“I doubt that. Monroe needs us. Without the Colonies to blame for all the problems on Earth, he’d be nothing. There’ve been plenty of politicians like Monroe in history. Demagogues who gain power by finding villains to blame for hard times. Blame the rich people. Blame the foreigners. Blame the stamp collectors.” Safreth shrugged contemptuously. “It doesn’t matter how absurd, so long as the politician can make desperate people believe it. Then he’s got it made. The worse things get, the more popular he becomes. In office, he can even go out of his way to make things worse, knowing he’ll benefit rather than be blamed. So long as the enemy is out there. But they go away? It’s all over. Without his cause, he’s nothing. If we evacuated the Colonies, leaving Monroe and his Earthers naked and alone with the fact that it’s the Sun causing Earth’s crop failures, he’d be doomed. And he knows it.”
“You’re wrong. The President called me to meet with him before the Offworld Force launched. Privately, off the books. He’s not playing this situation for advantage, he’s a true believer— and he’s determined to see it through.”
“Maybe I’m wrong.” Safreth shrugged again. “I suppose we’ll see. Of course, the overwhelming majority of the world’s industrial capacity operates offworld. Close all that down, and the economic troubles we’ve seen so far will be nothing to what comes next. Monroe might call that a fair bargain, since unlike the environmental collapse it’ll hurt us harder, at least at first. So the choices are, he’s a demagogue who doesn’t care about the harm he does so long as he stays in power, or a fanatic who doesn’t care about the harm he does so long as he has his Cause. Either way, we’re not the threat to the people of Earth.”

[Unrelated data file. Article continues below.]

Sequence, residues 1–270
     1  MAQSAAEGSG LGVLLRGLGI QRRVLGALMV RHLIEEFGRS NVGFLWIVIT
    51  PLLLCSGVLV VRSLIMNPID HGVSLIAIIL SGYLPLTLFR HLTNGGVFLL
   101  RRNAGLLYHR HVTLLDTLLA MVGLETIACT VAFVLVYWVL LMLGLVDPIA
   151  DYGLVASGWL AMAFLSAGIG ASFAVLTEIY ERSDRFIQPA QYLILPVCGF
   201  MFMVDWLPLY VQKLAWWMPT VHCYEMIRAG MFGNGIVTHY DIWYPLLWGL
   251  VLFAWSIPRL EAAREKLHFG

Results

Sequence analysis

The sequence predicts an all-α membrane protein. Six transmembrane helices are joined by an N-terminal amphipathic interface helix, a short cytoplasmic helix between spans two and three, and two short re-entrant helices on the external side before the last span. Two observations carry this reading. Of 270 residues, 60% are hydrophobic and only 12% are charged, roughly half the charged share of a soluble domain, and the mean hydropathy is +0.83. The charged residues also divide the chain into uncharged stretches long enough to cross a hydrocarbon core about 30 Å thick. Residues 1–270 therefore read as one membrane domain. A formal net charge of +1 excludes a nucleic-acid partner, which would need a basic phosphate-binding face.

Armstrong shook his head. “Governor, you’re an elected official. Debating the merits of policy is part of your job. It’s not part of mine. If my commander-in-chief issues lawful orders, I’ll carry them out.”
“Just so long as you keep track of the ‘lawful’ part,” the governor answered. “The President’s got authority under the emergency powers to evacuate a ‘city or other region.’ It’s never been done for a whole state, but whatever. But he’s got no authority, under any state of emergency, to dictate policy to a state government ‘unless that government is in a state of rebellion.’” Safreth smiled coolly. “Funny thing about civilian governments, they have lawyers in them. Mine tell me that since we can’t be ordered to adopt a policy of helping you evacuate the Colony, then we can only be called in rebellion if we actively try to block you. So you have no lawful authority to seize control of the Colony, to replace or arrest our government officials, or anything else. Unless we try to get in your way. And to come back to where I started: you’re welcome to try and talk people into leaving all you want, which is all your current orders let you do anyway. So, no rebels here.”